Coordinate Across Healthcare System

Poorly coordinated implementation can result in increased patient burden.

Coordinate Assessment Content

It is helpful for a healthcare system via a governance structure to establish an approach for selecting patient-reported outcome measures across clinics. Goals can include:

  • Reducing redundant assessments through use of universal measures such as PROMIS and/or making measure results easily visible to all providers.
  • Limiting assessment frequency at a system-level to reduce patient burden. For example, if a patient has two appointments in one week, the patient should not be prompted to complete the same measure each time. Results from the first assessment should be visible to providers at the second appointment.
  • Limiting workflow disruption through having an identified assessment length limit (e.g., 25 questions). 
  • Ensure selected measures matche clinic and healthcare system’s aims. For example, if measures are to inform individual patient, guard against inclusion of measures to be utilized for research purposes.

Example A: A healthcare system selected a core battery of measures for universal aspects of health (e.g., pain) to be assessed prior to each appointment. A clinic can supplement the assessment with additional measures totaling less than 20 questions. For example, Urology included a measure of urinary symptoms for all patients and erectile dysfunction for male patients in addition to the standard battery of pain, physical function, depression, and anxiety.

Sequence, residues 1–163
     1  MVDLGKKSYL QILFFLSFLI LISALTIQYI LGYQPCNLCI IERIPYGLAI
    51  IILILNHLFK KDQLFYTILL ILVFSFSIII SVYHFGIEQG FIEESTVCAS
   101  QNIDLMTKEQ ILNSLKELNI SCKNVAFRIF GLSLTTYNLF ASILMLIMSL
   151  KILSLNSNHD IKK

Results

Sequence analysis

Example B: Any clinic can identify aspects of self-reported health that inform individual patient care and nominate measures to quantify those domains. No core battery is utilized. However, the healthcare system strongly encourages use of universal measures when possible to reduce patient burden, facilitate use across clinics, and create expanded research opportunities. This reduces the risk of having multiple measures of the same domain (e.g., fatigue). For example, orthopedic surgery assesses pain and physical function. Nephrology uses the same physical function measure as well as measures of fatigue and sleep disturbance.


When implementation of patient-reported outcomes is conducted across multiple clinics or an entire health system, a governance structure is needed. The ePROs in Clinical Care site, funded by the Agency for Healthcare Research and Quality (AHRQ), identifies multiple tasks for a governing body including:

  • Aligning patient-reported outcome assessment aims with the healthcare system’s goals
  • Identifying how IT infrastructure will be utilized
  • Creating a process for evaluation, coordination, and prioritization of implementation for specific clinics
  • Defining and monitoring implementation metrics

This site provides downloadable tools such as:

  • Sample governance charter
  • Project intake checklist
  • Implementation planning checklist
  • Sample monitoring plan

Find these and more under Tools and Resources. Learn more>>

PCORI supported the creation of the Users’ Guide to Integrating Patient-Reported Outcomes in Electronic Health Records in 2017. It identifies multiple approaches to governance including:

  • Distributed governance
  • Centralized Governance
  • Hybrid

It also identifies options for membership including:

  • Pre-existing governance body for electronic health record
  • Patient representatives
  • Broad group of stakeholders

A PDF of the presentation “How will the PRO-EHR system be governed?” is also available. Learn more>>